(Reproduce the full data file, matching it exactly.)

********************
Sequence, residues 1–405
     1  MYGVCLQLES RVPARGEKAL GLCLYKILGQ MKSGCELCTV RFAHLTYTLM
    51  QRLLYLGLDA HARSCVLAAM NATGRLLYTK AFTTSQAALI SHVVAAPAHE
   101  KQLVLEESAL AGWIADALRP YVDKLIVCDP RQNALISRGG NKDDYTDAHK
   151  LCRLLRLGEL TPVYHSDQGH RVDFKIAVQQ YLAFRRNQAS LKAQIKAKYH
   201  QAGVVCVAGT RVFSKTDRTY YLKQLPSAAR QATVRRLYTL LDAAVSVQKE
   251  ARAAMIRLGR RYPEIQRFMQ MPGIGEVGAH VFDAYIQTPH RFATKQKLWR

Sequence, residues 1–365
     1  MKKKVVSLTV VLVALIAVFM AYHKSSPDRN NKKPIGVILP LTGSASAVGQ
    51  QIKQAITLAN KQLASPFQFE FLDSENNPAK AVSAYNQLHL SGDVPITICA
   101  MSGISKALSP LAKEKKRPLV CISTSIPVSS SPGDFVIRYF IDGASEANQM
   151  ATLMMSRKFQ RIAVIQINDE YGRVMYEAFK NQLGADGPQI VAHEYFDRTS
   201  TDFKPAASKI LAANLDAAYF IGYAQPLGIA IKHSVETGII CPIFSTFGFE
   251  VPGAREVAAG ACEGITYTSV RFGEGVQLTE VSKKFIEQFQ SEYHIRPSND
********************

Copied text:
Sequence, residues 1–405
     1  MYGVCLQLES RVPARGEKAL GLCLYKILGQ MKSGCELCTV RFAHLTYTLM
    51  QRLLYLGLDA HARSCVLAAM NATGRLLYTK AFTTSQAALI SHVVAAPAHE
   101  KQLVLEESAL AGWIADALRP YVDKLIVCDP RQNALISRGG NKDDYTDAHK
   151  LCRLLRLGEL TPVYHSDQGH RVDFKIAVQQ YLAFRRNQAS LKAQIKAKYH
   201  QAGVVCVAGT RVFSKTDRTY YLKQLPSAAR QATVRRLYTL LDAAVSVQKE
   251  ARAAMIRLGR RYPEIQRFMQ MPGIGEVGAH VFDAYIQTPH RFATKQKLWR

Sequence, residues 1–365
     1  MKKKVVSLTV VLVALIAVFM AYHKSSPDRN NKKPIGVILP LTGSASAVGQ
    51  QIKQAITLAN KQLASPFQFE FLDSENNPAK AVSAYNQLHL SGDVPITICA
   101  MSGISKALSP LAKEKKRPLV CISTSIPVSS SPGDFVIRYF IDGASEANQM
   151  ATLMMSRKFQ RIAVIQINDE YGRVMYEAFK NQLGADGPQI VAHEYFDRTS
   201  TDFKPAASKI LAANLDAAYF IGYAQPLGIA IKHSVETGII CPIFSTFGFE
   251  VPGAREVAAG ACEGITYTSV RFGEGVQLTE VSKKFIEQFQ SEYHIRPSND